The grass is dying, the flowers are gone, the leaves are falling. So why do we sneeze in the fall? Learn why fall allergies make you sneeze.
When you have seasonal allergies, April and May aren’t necessarily the cruelest months. September and October can be equally brutal. Sneezes, sniffles, and a runny nose in autumn may be signs you’re a fall allergy sufferer.
While tree pollens generally trigger spring allergies, weeds are generally the culprits in the fall. Ragweed is especially prevalent in the cooler autumn weather, reaching its peak levels in mid-September. “A single ragweed plant may release one million pollen grains in just one day,” said allergist Richard Weber, MD, president of the American College of Allergy, Asthma, and Immunology. He adds that mold spores are also prevalent at this time of year.
Plants like sagebrush, mugwort, thistle, pigweed, and cocklebur are other fall sneeze starters. These allergens can stick around until the first frost sets in. And once the weather does get cooler and people move inside, exposures to dust, mold, and other indoor allergy triggers increase.
Do I have fall allergies?
While springtime sniffles are often immediately attributed to allergies, people may mistake their fall symptoms for a respiratory infection because the conditions share so many common symptoms. How do you tell the difference?
“This time of year, people often are not sure if they are suffering from allergies, a cold, or coming down with the flu,” said Dana Evans, clinical instructor of respiratory therapy in the University of Missouri School of Health Professions. “Common symptoms include coughing, sneezing, headaches, or runny nose; however, allergies do not cause fevers or body and muscle aches. That would be a sign that it is a cold, flu, or virus.”
Symptom duration also differs between a virus and allergies. While a respiratory infection will usually clear up in a few days, allergy symptoms can linger for weeks.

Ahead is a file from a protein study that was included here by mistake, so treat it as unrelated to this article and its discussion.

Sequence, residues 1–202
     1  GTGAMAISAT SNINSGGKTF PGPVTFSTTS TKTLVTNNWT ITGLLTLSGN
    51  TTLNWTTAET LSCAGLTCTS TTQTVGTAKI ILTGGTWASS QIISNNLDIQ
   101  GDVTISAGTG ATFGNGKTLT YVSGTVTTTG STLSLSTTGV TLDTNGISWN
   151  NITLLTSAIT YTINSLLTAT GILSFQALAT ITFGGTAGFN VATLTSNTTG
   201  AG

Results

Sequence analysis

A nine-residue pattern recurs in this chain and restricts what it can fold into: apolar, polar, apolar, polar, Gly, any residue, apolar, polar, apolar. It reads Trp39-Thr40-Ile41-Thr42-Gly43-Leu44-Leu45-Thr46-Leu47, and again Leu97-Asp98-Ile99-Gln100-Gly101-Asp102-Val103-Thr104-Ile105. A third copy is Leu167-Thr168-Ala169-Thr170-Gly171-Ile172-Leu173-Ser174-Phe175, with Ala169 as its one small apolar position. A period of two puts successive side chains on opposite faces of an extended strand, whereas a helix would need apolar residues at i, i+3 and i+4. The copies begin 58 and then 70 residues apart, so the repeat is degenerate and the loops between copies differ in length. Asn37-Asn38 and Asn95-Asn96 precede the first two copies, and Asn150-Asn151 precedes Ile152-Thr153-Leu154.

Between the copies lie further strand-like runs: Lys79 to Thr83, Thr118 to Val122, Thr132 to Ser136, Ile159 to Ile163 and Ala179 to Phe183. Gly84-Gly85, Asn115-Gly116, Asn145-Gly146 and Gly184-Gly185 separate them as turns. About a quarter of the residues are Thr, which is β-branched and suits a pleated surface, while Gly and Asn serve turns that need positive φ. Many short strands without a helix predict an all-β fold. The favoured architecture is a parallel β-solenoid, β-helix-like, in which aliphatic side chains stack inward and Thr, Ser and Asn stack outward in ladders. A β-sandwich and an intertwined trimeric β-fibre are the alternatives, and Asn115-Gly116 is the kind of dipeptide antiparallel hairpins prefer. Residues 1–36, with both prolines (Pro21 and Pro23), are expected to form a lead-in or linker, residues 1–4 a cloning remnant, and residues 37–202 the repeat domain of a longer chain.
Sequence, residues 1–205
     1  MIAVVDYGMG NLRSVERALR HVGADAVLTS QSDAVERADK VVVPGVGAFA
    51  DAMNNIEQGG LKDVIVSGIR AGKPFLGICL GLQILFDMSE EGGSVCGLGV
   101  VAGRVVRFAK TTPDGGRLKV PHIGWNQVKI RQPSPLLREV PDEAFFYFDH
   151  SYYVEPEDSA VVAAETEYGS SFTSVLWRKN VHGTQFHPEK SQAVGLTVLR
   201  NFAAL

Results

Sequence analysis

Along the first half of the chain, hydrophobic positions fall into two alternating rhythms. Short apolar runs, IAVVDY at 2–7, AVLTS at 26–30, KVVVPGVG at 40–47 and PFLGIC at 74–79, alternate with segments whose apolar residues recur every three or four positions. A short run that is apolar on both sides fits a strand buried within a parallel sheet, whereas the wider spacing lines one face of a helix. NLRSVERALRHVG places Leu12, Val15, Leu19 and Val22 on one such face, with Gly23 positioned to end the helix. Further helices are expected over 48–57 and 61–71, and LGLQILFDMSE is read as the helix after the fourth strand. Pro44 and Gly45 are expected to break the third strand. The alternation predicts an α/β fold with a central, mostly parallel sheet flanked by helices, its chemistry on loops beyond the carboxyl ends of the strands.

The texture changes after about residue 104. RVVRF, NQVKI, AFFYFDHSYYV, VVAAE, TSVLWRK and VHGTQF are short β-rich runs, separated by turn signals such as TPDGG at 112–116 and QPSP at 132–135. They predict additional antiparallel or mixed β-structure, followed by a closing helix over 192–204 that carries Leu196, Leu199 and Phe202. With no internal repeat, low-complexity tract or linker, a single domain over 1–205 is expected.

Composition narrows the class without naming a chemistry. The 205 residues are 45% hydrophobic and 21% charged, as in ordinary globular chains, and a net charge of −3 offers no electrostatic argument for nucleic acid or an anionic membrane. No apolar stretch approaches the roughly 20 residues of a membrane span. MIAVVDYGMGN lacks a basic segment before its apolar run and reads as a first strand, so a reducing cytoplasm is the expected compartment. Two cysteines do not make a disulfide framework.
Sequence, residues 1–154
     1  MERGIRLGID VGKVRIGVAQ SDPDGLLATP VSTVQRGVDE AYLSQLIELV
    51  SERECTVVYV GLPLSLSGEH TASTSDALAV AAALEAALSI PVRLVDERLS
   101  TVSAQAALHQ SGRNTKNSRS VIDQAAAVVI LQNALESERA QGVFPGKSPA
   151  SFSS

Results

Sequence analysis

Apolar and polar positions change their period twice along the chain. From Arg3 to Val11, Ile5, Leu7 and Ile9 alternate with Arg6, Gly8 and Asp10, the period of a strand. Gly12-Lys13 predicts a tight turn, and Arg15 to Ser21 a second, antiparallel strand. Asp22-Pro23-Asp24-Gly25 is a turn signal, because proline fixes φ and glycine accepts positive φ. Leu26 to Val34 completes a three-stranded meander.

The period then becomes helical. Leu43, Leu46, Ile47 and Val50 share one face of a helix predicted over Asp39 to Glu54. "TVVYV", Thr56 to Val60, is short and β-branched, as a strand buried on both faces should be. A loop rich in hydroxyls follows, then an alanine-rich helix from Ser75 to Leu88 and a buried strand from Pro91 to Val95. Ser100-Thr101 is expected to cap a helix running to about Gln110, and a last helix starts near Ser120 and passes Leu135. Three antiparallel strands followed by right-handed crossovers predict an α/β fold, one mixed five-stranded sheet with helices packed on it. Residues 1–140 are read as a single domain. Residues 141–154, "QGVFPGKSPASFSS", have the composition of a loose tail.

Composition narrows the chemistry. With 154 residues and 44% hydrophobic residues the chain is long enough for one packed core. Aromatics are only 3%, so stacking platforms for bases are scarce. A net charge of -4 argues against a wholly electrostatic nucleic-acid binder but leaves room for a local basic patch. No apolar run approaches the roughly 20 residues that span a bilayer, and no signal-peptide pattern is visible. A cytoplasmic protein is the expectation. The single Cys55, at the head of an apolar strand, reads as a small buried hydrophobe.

Taming your fall allergy triggers
Efforts to reign in fall allergies should start long before the season does. First, find a good allergist you trust, and get tested to find out exactly which substances cause you distress. Your doctor can apply bits of the allergen under the surface of your skin to see which ones cause a reaction.
Ask the doctor whether you need allergy shots, called immunotherapy, which gradually exposes your body to increasing amount of the allergen to increase your tolerance to it. “Allergy shots can provide symptom relief while preventing and modifying progression of hay fever,” said Weber. “This form of treatment can also prevent the development of asthma and other allergies.”
Once you know your allergy triggers, practice avoidance techniques. If a plant like ragweed bothers you, close your windows to keep it outdoors. To prevent dust mites from gathering, vacuum often, wash your bedding in hot water, and encase your mattresses and pillows in mite-proof covers. Install a dehumidifier in your house to limit mold growth. For pet allergies, buy a high-efficiency particulate air (HEPA) cleaner and wash your dog often or put your cat outside to keep dander out of the air.
So that you don’t bring outdoor allergies into your home, take off your clothes and wash them whenever you’ve been doing yard work or other outdoor activities. Also wash your body to remove any allergen particles that might have stuck to you.
If you’ve done everything you can to keep allergies at bay and they still show up, in the fall, try medicines to control their symptoms. Antihistamines such as loratadine (Claritin), fexofenadine (Allegra), diphenhydramine (Benadryl), and cetirizine (Zyrtec) block the chemical that triggers allergy symptoms to relieve stuffed, runny noses and sneezing. However, some antihistamines — especially older ones like Benadryl — can make you drowsy.
Decongestants like pseudoephedrine (Sudafed) bring down nasal congestion. Some allergy medicines, including Zyrtec-D and Claritin-D, combine an antihistamine and a decongestant. Finally, steroid sprays such as mometasone (Nasonex), fluticasone propionate (Flonase), and budesonide (Rhinocort Aqua) bring down swelling in your nose to relieve congestion. All of these medicines are available over-the-counter, or with a prescription from your doctor.
March 30, 2020
Janet O’Dell, RN